Before the Honeymoon

Florida Prenuptial & Postnuptial Agreements

Marriage is an emotional and financial partnership. Prenuptial agreements are becoming increasingly popular with each generation as they enter into marriage with already established financial stability.

Prenuptial agreements are prepared to legally protect both spouses. Nowadays, a marriage is similar to a financial arrangement so it is important to have a plan in place if that arrangement is dissolved. A legal premarital or postmarital agreement provides clear legal guidelines to each spouse after a divorce. Alternatively, a prenup or postnup could protect the final wishes of a spouse if one dies without first executing a valid will.

In the event of a divorce in Boca Raton, Florida it is vital to seek legal advice to understand the terms of a prenuptial or postnuptial agreement under Florida laws.


Or call 561-392-5100 to protect your future and start your path to happiness.

Protecting Assets

Prenuptial Agreement

Many people enter a marriage with meaningful assets or children from a previous marriage. A prenup agreement allows soon to be spouses the ability to decide important financial marital issues up front, avoid potential legal conflict and gain peace of mind. There could be challenges that arise in relation to these assets or child support.

Although a pre-nup is a highly flexible instrument, not all prenup agreements are created equal. A poorly conceived contract might not hold up in court if challenged. The best agreements must be based on full and fair disclosure. Each party should have adequate knowledge and a meaningful opportunity for independent legal counsel review before signing the document.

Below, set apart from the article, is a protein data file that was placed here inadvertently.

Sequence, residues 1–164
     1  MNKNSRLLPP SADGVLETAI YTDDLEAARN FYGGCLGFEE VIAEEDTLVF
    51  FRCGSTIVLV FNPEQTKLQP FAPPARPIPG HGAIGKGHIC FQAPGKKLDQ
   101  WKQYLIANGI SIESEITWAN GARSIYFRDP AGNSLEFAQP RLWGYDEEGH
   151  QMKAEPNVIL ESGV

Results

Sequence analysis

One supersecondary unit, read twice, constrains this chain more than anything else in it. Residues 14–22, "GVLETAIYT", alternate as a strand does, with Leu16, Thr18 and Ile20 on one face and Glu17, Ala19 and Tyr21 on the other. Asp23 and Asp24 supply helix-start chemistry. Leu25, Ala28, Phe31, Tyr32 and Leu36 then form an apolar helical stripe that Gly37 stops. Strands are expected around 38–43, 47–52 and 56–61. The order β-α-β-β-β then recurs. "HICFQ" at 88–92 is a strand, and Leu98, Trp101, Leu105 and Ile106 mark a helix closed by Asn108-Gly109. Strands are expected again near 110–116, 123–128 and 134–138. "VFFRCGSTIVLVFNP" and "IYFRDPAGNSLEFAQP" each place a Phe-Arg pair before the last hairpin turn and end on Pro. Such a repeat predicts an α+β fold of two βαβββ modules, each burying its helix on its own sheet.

Our experienced Boca Raton prenuptial agreement lawyers will provide the kind of attorney client relationship that makes our law firm one of the top rated law offices in South Florida.

Prenuptial Agreements in Florida
A standard prenup under Florida law may include:

  • Defining, restricting or waiving alimony rights
  • Specifying or clarifying particular assets as separate
  • Defining particular indebtedness as those of one spouse or the other
  • Documenting one person’s payments toward the other person’s indebtedness
  • Defining certain spousal support or property division rights in terms of the length of the marriage
  • Addressing the disposition or retention of business assets, pensions or investments
  • Providing a lump sum settlement in lieu of alimony and property division
  • Clarifying the property rights of either spouse’s adult children from a previous marriage or relationship

In order to be enforced, a premarital contract must be substantially fair both in its terms and in the way it was negotiated and signed. This generally means that you must allow or receive ample time for review, legal advice and careful thought about the terms and what you’re being asked to give up.


Or call 561-392-5100 to protect your future and start your path to happiness.

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